CADCA’s 32nd Annual National Leadership Forum is the premier and largest training event for community-based substance use and misuse prevention leaders. This year, Forum returns in-person and will be held from January 31 – February 3, 2022, at the Gaylord National Convention Center in National Harbor, Maryland. Forum is geared for all prevention leaders interested in making a positive impact in their community. The event offers trainings from top experts from the field, tools and strategies to advance prevention work, and the opportunity to network with thousands of advocates passionate about prevention.

CADCA’s Geographic Health Equity Alliance, a CDC-funded National Network, has worked closely with experts in the field to curate a number of sessions that are relevant for tobacco-prevention and control professionals. Check out our list below to view our recommended sessions. If you are interested in participating in this professional development opportunity, you still have time to register for CADCA’s Forum. You can also check out the rest of the event schedule and sessions on our training grid.

CADCA is committed to providing a safe, healthy and memorable Forum experience for its attendees. In partnership with our hotel and vendor partners, we have monitored and assessed local, state and federal guidelines and mandates for large gatherings to ensure extended protocols are in place on-site. Visit the Forum website to learn more about our vaccination requirement and our safety protocols.


GHEA Sessions:

An Inclusive Approach to Chronic Disease Prevention

Tuesday, February 1st 2:15 PM – 3:30 PM

Presenters: Karen Hacker, National Center for Chronic Disease Prevention and Health Promotion (NCCDPHP) at the Centers for Disease Control and Prevention (CDC)

Description: Dr. Karen Hacker will present on chronic disease as it relates to health equity and investing in previously underserved communities. This session will provide an overview of how the mission of CDC’s NCCDPHP to help people and communities prevent chronic disease and promote health and wellness for all, drives the center’s efforts to foster an inclusive and collaborative culture. The session will highlight examples of NCCDPHP’s efforts, research and programs to address health equity, including NCCDPHP’s partnership with CADCA through the Geographic Health Equity Alliance. The session will also discuss how the COVID-19 pandemic exacerbated extant health disparities across the nation and amplified the importance of NCCDPHP’s work in health equity and social determinants.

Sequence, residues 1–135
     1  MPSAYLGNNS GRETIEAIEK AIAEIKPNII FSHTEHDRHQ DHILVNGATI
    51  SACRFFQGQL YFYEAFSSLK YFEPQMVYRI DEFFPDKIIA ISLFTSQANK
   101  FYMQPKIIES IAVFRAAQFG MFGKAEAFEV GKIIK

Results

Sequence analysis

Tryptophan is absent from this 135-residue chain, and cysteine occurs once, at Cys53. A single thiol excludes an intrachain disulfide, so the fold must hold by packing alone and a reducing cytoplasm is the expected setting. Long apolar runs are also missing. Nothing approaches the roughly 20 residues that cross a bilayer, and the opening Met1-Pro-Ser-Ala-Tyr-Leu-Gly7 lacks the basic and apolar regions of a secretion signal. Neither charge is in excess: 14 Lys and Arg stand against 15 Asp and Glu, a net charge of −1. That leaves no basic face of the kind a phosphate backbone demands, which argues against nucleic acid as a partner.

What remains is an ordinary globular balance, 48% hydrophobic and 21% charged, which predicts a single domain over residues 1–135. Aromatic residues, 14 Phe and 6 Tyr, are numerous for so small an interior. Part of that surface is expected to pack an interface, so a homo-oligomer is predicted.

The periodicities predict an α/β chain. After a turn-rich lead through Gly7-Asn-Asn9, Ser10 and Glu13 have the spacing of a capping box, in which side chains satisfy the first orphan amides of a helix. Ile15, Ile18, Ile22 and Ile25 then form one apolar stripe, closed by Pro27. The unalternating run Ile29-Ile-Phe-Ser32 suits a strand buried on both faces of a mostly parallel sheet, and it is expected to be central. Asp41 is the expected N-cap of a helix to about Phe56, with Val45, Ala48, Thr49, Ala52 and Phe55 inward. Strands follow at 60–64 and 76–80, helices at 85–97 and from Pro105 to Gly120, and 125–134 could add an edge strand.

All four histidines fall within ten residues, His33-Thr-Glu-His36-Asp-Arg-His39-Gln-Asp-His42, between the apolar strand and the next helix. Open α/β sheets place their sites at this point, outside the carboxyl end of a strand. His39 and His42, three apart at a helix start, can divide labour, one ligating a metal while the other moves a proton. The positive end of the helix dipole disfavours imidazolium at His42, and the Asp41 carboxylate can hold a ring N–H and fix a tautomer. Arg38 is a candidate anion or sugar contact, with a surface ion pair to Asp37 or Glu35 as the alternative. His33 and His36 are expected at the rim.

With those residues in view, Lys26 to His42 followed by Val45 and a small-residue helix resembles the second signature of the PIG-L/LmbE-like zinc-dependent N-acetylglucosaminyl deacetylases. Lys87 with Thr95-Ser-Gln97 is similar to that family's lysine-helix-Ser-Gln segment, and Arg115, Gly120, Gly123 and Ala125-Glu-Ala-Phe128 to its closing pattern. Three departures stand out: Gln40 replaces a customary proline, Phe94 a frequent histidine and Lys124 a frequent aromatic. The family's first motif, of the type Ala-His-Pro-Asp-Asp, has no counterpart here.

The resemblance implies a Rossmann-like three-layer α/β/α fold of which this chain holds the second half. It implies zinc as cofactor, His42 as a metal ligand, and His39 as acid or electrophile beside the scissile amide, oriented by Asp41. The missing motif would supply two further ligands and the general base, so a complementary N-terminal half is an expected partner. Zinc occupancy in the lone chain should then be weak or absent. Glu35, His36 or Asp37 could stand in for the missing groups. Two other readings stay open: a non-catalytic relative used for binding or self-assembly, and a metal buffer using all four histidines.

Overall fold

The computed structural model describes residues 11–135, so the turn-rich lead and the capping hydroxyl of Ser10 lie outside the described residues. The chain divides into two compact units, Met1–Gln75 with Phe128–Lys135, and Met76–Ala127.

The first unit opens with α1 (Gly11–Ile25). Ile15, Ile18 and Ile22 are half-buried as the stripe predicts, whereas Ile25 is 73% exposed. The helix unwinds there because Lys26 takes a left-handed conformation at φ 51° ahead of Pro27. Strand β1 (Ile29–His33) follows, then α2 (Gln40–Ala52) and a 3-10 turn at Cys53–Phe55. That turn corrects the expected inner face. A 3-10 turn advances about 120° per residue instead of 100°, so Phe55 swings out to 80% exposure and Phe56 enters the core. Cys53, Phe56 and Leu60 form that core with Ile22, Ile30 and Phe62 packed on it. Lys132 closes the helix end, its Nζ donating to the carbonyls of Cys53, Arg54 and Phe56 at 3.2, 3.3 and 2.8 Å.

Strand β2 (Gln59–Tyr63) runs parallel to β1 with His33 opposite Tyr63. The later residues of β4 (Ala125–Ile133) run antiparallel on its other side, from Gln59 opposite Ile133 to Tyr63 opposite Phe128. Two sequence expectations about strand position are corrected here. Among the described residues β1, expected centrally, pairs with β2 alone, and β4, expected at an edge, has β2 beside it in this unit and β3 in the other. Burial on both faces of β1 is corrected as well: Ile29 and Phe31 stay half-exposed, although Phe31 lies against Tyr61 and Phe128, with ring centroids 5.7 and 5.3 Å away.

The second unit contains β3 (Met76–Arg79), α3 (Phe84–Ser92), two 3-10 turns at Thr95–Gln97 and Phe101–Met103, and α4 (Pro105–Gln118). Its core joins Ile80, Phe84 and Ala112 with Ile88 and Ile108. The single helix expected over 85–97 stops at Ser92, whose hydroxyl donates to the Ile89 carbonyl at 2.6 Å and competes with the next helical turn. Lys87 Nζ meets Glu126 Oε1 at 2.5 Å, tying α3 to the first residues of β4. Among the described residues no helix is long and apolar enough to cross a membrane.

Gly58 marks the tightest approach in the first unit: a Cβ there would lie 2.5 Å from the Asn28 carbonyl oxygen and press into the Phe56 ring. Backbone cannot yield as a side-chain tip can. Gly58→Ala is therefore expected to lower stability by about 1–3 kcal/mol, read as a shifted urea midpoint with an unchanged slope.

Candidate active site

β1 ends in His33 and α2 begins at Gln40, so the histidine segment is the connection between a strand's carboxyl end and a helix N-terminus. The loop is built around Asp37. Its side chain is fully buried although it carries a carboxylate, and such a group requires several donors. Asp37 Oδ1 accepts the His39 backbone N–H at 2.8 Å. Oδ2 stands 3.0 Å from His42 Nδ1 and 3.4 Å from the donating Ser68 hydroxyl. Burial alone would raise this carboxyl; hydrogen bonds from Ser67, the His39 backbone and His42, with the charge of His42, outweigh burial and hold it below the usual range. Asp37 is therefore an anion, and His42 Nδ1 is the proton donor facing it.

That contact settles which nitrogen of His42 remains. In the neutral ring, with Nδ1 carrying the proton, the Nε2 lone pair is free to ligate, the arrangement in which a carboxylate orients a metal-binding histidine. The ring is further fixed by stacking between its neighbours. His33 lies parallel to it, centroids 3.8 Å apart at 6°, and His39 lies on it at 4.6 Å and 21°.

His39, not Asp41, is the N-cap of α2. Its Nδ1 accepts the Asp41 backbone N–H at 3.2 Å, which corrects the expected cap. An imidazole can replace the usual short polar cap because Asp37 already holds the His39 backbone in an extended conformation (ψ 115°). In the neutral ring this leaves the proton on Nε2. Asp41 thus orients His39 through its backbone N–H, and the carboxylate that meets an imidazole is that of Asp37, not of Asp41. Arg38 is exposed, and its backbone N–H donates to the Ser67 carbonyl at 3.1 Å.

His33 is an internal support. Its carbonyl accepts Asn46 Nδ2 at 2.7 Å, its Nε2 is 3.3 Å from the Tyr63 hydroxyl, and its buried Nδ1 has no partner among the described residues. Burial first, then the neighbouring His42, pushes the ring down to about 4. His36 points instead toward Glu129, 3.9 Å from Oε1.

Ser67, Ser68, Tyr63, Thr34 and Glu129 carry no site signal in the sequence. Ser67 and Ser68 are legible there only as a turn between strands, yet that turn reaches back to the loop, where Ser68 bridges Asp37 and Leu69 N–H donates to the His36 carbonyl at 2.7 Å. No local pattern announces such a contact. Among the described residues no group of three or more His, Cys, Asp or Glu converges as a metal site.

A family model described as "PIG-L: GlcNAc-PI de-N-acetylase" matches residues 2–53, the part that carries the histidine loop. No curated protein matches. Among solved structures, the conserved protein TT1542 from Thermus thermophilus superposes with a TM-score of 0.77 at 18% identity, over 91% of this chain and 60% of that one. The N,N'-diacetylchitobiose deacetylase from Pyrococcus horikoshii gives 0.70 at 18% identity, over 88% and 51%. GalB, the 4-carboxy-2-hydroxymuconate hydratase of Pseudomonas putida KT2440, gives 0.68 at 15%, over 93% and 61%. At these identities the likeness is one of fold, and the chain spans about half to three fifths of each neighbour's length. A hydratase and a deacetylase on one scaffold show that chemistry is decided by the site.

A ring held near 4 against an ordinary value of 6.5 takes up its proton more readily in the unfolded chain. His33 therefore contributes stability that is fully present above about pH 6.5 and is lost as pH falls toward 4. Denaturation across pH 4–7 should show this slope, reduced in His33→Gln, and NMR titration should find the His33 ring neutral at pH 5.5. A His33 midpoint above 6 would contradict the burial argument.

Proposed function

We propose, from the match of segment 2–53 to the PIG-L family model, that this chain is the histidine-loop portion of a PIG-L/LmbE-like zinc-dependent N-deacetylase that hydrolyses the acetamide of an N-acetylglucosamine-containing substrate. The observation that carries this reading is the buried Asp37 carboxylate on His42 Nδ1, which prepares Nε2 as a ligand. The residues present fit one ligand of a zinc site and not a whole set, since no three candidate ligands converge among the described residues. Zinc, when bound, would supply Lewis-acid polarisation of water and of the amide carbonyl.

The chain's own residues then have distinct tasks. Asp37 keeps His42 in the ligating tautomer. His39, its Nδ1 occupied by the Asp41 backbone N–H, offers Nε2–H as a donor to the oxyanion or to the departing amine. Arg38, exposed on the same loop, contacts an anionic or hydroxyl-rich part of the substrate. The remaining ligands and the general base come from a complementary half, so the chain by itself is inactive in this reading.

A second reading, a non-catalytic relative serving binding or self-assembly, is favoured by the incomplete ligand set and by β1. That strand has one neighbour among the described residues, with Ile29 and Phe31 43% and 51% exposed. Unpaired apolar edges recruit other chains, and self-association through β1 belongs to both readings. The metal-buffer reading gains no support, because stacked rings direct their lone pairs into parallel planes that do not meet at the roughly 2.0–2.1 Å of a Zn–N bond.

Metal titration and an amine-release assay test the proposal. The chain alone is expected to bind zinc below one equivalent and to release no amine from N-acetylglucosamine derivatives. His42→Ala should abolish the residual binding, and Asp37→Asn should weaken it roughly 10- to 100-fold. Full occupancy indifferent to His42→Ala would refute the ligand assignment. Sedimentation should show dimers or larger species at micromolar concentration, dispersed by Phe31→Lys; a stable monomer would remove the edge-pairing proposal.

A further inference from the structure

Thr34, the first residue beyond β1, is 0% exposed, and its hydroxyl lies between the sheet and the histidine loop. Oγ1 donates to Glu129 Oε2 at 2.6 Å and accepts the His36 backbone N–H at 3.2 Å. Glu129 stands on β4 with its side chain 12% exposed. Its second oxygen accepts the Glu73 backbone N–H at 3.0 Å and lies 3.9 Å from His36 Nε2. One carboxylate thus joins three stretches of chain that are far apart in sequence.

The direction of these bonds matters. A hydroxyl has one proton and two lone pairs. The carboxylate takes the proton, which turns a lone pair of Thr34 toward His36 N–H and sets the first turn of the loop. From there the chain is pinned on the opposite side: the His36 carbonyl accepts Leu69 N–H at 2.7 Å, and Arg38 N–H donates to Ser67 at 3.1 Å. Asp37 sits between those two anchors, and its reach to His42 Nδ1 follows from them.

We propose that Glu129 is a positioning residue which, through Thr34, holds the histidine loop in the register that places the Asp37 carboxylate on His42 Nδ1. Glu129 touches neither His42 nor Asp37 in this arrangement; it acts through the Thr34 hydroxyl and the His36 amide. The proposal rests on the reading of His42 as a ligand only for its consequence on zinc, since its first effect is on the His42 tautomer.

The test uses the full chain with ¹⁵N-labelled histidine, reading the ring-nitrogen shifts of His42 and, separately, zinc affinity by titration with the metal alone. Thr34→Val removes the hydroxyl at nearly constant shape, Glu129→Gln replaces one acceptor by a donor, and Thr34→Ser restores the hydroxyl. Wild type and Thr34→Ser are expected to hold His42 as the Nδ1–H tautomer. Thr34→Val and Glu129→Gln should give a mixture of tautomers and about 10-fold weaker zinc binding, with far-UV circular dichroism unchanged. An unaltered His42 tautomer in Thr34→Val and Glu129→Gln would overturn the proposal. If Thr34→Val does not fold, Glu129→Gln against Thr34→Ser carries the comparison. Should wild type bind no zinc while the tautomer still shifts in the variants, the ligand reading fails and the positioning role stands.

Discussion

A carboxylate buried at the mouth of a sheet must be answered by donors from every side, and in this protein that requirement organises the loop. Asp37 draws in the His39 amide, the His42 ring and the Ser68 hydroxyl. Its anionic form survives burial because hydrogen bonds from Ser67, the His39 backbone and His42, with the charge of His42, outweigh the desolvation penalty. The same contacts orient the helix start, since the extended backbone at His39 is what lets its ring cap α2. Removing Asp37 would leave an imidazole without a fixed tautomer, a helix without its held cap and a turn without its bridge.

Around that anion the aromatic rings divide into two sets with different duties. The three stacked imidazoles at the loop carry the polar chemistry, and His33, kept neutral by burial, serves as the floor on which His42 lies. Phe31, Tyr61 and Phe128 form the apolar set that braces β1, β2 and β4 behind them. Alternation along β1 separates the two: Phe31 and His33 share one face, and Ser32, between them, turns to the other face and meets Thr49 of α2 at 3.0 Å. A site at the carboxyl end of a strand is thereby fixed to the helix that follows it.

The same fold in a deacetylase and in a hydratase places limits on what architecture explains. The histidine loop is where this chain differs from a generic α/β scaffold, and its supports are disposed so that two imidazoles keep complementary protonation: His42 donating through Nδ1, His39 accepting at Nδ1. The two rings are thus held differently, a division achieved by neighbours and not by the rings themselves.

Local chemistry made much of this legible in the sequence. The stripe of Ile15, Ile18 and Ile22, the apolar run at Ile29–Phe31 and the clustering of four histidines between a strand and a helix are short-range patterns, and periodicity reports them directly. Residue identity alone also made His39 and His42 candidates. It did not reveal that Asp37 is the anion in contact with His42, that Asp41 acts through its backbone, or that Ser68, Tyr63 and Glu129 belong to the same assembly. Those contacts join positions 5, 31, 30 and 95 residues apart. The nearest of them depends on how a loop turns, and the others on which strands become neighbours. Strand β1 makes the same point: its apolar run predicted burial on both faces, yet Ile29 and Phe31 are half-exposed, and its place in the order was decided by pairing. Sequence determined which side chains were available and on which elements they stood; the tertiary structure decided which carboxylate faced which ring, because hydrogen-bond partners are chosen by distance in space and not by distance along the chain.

Level the Field – Equity in Prevention

Tuesday, February 1st 4:00 PM – 5:15 PM

Presenter: Nigel Wrangham, CADCA Master Trainer

Description: “First, do no harm.” This statement, the oath taken by all health care professionals, should also apply to all coalition members and leaders, prevention activities and strategies to create drug-free communities. But how well do we follow it in practice? How intentional are we in ensuring that our work fosters justice, equity, dignity and inclusion for all people, especially those whose communities have historically been victimized, oppressed and marginalized? In this interactive session, we will explore the social determinants of health and how prevention activities can either enhance or obstruct them, depending on how committed we are to doing our work through the lens of health equity. The era of “prevention” relying mostly on imposing consequences and punishments upon youth and other vulnerable people is over; the age of leveling the playing field and grounding our efforts in equity is here. Bring your courage and critical thinking skills for a dynamic experience.